In what is a different role for me, I accepted the opportunity to review “The Grown-Ups”, a film about adults with Down syndrome who have attended the same school together for decades. I wasn’t sure what to expect by this movie, which is described as:
...a warm portrait of a group of middle-aged adults with Down syndrome who have attended the same school for 40 years, and now long for a more independent future.
I sat down to watch the movie, and was immediately drawn in by the warm, dynamic portrayal of the film’s subjects. This documentary captures the depth and breadth of the individuals highlighted, drawing me into their lives. Anita, Rita, Ricardo and Andrés are the main subjects, and each of them has hopes, dreams and complexities which this documentary follows as they unfold. I quickly found myself wrapped up in the story line, which focuses primarily on Anita, a savvy, well-rounded woman who longs for more than the same school she has attended with the same people for forty years.
My first thought was that this was like a documentary version of the movie Groundhog Day in which the subjects wind up enduring the same day over and over again by some crazy twist of time. It would be entertaining, except that these are real people, segregated from society, and stuck in a rut from which they yearn to break free. Forces beyond their control; family, laws, and low income; stymie their efforts for independence. This juxtaposes with the “Conscious Adult Class” in which the subjects are encouraged to reach for their dreams and live full, responsible, autonomous lives; a message that is carried over by the school which keeps them isolated and impoverished. The tragic irony plays out in the lives of these individuals who have been stripped of self-determination and personal freedom. Early in the film I was cheering; eagerly awaiting the fulfillment of dreams and desires for marriage, home ownership and independence for Ricardo, Anita and Andrés, and kept hoping for some fairy tale ending in which they achieve their desires. The film also includes Rita, who is described by Anita as being like a 6-year-old, and has much different desires than the other people who are highlighted. I appreciated her inclusion, because there is a vast spectrum of capability amongst adults with Down syndrome, and it is obvious that Rita does require the structure and support that smothers the other three.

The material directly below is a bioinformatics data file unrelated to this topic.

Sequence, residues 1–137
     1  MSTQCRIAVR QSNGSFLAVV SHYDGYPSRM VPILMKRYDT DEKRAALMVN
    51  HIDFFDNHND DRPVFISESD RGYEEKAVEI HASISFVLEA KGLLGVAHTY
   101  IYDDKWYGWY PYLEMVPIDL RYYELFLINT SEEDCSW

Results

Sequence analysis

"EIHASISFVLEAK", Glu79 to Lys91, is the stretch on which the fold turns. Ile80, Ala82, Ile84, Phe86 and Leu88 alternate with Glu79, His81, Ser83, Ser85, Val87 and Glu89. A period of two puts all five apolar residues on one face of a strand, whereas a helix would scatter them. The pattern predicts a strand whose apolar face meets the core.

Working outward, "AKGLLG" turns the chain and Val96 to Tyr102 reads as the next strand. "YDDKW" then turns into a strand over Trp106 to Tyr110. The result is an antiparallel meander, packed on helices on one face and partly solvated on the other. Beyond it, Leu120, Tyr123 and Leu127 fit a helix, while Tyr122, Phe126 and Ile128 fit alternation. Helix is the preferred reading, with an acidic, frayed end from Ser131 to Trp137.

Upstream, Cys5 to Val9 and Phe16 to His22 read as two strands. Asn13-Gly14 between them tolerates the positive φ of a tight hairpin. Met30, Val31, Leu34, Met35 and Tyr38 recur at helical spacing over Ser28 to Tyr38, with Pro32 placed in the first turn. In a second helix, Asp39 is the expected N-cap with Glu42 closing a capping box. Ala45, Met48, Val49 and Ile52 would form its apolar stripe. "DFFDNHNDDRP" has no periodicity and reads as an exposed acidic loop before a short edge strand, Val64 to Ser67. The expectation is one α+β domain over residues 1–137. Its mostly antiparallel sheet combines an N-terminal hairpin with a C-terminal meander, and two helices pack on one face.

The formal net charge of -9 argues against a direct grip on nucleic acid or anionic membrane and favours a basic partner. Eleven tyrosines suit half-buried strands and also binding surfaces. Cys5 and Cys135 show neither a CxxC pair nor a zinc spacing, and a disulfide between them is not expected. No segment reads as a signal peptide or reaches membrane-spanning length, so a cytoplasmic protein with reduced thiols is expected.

In short, The Grown-Ups masterfully captures the dynamic lives of the people with Down syndrome that it highlights. By showcasing the complex humanity of the subjects, we gain perspective about how crucial self-determination and individual freedoms are, in a lesson that is caught rather than taught. This film has important implications for people with Down syndrome, and those who love them, all over the world. The powerful message this film conveys in story form is the essential human right of life, liberty and pursuit of happiness, which is far too often out of reach for people who have disabilities and cognitive impairments. By showing the personal impact of the denial of human rights to this specific group of people, my hope is that this film will be a catalyst for rethinking both systemic and interpersonal infringement on these rights.
The Grown-Ups is a film created by Chilean filmmaker Maite Alberdi, and will be airing on PBS on September 4 at 10pm.